Forget London … here’s to Kalamazoo and Manila’s softball warriors
And they were probably so wiped out by that 35-hour trip that they lost their first two games.
Then, another blow – the city they were representing, their hometown on the other side of the world 8,000 miles away, was reeling from yet another flooding disaster.
The Manila team that competed in the Big League Softball World Series certainly didn’t have much going for them.
Many of us probably didn’t even know about them until recently.
When it came to Philippine sports, much of the attention was on the London Olympics where the Philippines had yet another forgettable performance.
Few were aware of the big showdown in Kalamazoo, Michigan, and the young Filipinas who were about to make history.
And it’s a story worth revisiting, even though I know it’s already been reported widely in the media. It’s just a fun story to retell.
Take Ana Santiago, the team’s coach who comes across as tough, but with a quirky sense of humor.
As the Michigan Live Web site reports, the night before Team Manila clinched the title with a 14-2 victory over Westchester, Calif., Santiago told the young women to “talk to your errors and tell your errors that they will be here in the meantime” in her room.
Now, that’s a smart coach.
Essentially, what she told players was: ‘Okay, I know you’re nervous. You have doubts. You’re worried about making mistakes and losing. So say hello to those worries and fears and doubts – and then tell them to take a hike.”
As the Michigan Live story reports, the team did have a couple of errors, but they were so overwhelming in the field they didn’t matter.
They even won the respect of the opposing team.
“They deserve (the title) – played hard, they fought back (from the early losses),” Darryl Lee, manager of the California team, told Michigan Live. “They lost the first two games and won seven in a row. They stayed hot all the way through.”
The nine women of Team Manila simply wouldn’t quit. They were the runner-up team in 2008, 2010 and 2011.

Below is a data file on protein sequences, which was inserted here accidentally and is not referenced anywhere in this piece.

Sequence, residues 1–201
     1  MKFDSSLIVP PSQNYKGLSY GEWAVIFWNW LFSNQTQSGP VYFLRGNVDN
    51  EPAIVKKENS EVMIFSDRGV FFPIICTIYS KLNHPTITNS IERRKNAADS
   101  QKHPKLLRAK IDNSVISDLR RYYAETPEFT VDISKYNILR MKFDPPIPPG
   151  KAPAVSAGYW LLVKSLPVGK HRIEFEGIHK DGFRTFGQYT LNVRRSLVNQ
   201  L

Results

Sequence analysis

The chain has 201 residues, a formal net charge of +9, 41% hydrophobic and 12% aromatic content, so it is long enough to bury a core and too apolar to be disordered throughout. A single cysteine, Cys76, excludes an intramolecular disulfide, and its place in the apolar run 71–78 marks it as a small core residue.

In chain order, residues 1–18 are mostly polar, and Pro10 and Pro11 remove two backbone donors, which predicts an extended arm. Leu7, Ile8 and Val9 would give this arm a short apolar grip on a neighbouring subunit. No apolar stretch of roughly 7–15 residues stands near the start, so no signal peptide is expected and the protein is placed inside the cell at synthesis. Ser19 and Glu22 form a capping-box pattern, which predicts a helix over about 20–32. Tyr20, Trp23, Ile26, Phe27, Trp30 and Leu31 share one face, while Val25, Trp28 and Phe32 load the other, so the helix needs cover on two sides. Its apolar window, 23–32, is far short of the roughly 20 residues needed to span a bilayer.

With the logistical woes highlighted by what can only be described as third-class travel arrangements, a disastrous start and the enormous psychological burden of the disaster unfolding in their homeland, it certainly would not have been surprising if they again failed to win the championship this year.
“After the two losses I told them, ‘No computers, no Internet, no cell phone. Just concentrate on the game,’” Santiago was quoted as saying in the Michigan Live report. “They sacrificed a lot this tournament, so tonight whatever they want, I will give to them.”
They deserve a victory parade in Manila – although that would probably be hard to do right now. In fact, Team Manila apparently wasn’t expecting one. Instead, they dedicated their victory to the nation and the victims of the flood.
Maybe there could still be a parade after the city recovers from the flood. These young women certainly deserve a bit more media attention for the courage they showed.
And for their spirit.
You can see it in their faces in a gallery of images on the Michigan Live site from the final game.
You see them smiling and jumping for joy. There’s Krisna Paguican flashing the ‘We’re No. 1’ sign and waving the Philippine flag in the middle of the field. There’s Ana Santiago being hoisted by her players.
One photo seemed out of synch in the gallery. But it made me chuckle. It shows coach Rafael Borromeo with a grim expression on his face. The caption says he was “watching the game closely, making sure his team doesn’t get a big head.”
It was early in the game. Manila was ahead 8 – 0.
There was nothing to worry about. Manila’s softball warriors weren’t going to let this one get away.
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